- Futuristic setting with a satisfying sense of verticality
- Ability to wall run, dash, vault, and jump across buildings
- Aesthetically pleasing cityscape and a killer soundtrack
- Deep combat system with stuns, dodges, and counters
- Cyberpunk mainstays like corruption, oppression, and brutality
- Average narrative and characters
- Several forced combat scenarios can be unimpressive
4. E.Y.E.: Divine Cybermancy
E.Y.E.: Divine Cybermancy may be one of the weirdest titles on this list. You play a member of the secret society E.Y.E. that’s fighting against a dictatorial empire encompassing multiple planets. While the cyberpunk staples like megacorporations and political conspiracies may not sound novel, the execution is anything but. Your character can use abilities like cloning, with others like alchemy and transmutation thrown in as well. The hacking system is highly fleshed out and a far cry from the half-baked mini-games you see in many other games. The game also keeps things fresh with dozens of weapons, dynamic levels, and advanced NPCs.
Arguably bogged down by its ambitious concepts, frustrating fundamentals, and often incoherent narrative, E.Y.E.: Divine Cybermancy still deserves a playthrough, if for nothing else but plain curiosity.
- Unlike anything you have played before
- Highly intelligent NPC AI
- Branching mission structure and freedom of play style
- Unique blend of RPG and FPS elements
- Co-op deserves equal praise
- User interface is outdated
- Learning gameplay mechanics can take some time
- Some game-breaking bugs
5. Sleeping Dogs: Definitive Edition
Sleeping Dogs might not feel like a cyberpunk title at first glance but its Hong Kong setting, focus on exploration, and action-oriented gameplay suggest otherwise. You play as Wei Shen, an undercover cop on a mission to take down the Triads. The narrative might not break any new ground but the masterfully crafted hand-to-hand combat system and open-world exploration set in Hong Kong truly make your experience unique. Fans of the GTA series will find the well-executed driving system and intense gunfights rewarding.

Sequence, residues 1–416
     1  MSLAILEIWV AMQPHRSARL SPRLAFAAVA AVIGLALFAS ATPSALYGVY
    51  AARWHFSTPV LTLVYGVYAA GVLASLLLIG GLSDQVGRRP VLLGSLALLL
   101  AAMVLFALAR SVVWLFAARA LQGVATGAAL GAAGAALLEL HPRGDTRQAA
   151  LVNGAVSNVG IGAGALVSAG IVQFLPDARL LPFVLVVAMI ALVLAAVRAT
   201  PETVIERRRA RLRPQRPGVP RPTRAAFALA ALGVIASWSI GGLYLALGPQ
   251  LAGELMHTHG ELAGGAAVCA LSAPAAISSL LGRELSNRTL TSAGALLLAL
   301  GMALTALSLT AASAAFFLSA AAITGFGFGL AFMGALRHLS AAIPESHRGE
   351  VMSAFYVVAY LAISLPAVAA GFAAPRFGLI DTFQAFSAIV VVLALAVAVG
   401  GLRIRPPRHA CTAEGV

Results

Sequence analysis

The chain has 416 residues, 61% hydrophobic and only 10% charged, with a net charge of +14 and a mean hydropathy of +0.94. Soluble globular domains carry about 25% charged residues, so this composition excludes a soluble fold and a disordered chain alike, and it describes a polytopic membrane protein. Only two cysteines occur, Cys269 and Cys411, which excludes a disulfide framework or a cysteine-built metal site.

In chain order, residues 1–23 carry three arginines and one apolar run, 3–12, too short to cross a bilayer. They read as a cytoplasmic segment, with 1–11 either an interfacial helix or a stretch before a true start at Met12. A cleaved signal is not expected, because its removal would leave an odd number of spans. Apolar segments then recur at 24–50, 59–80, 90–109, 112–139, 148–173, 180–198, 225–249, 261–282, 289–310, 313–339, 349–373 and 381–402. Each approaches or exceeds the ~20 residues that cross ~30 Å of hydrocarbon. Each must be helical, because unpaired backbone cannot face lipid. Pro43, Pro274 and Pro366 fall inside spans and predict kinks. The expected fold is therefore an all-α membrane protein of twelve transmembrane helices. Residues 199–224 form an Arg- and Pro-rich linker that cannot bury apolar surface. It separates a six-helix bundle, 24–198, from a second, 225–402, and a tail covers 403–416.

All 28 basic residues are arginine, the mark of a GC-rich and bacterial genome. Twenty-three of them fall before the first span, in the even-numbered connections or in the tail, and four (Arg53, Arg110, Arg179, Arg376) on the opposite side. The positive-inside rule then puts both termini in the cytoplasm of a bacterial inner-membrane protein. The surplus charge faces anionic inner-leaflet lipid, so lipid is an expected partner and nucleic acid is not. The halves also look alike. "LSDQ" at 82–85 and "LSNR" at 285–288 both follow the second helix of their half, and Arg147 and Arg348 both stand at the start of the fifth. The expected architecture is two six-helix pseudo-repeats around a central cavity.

The narrative is a decent mix of believable tropes and player choices that lead to meaningful consequences. For first-time players, the Definitive Edition should be the obvious way to experience this award-winning title.
- Quintessential cyberpunk aesthetic thanks to Hong Kong’s skyscrapers and neon-lit streets
- Upgrading skill trees and side quests will satisfy Cyberpunk 2077 fans
- Brutal hand-to-hand action powered by bloody martial arts
- Undercover cop drama is written well
- Plenty of mission variety, ranging from illegal races and gambling to karaoke
- Even the Definitive Edition shows signs of age
6. Fallout 4
The Fallout games might be known for their post-apocalyptic, barren, and un-cyberpunk-like settings, but there are other aspects to them that make them ideal for Cyberpunk 2077 fans. Fallout 4 perfects Bethesda’s potent blend of stunning locations, endless side quests with solid NPCs, and perk-based progression. Your character is on a quest to find your son in Boston-turned-wasteland, and your choices ultimately decide the fate of the “Commonwealth.” While you might miss the futuristic neon from Cyberpunk 2077, Fallout 4’s themes of AI and androids will tickle your cyberpunk bone enough to keep you going. The first-person action and multiple endings further make the game spiritually similar to Cyberpunk 2077.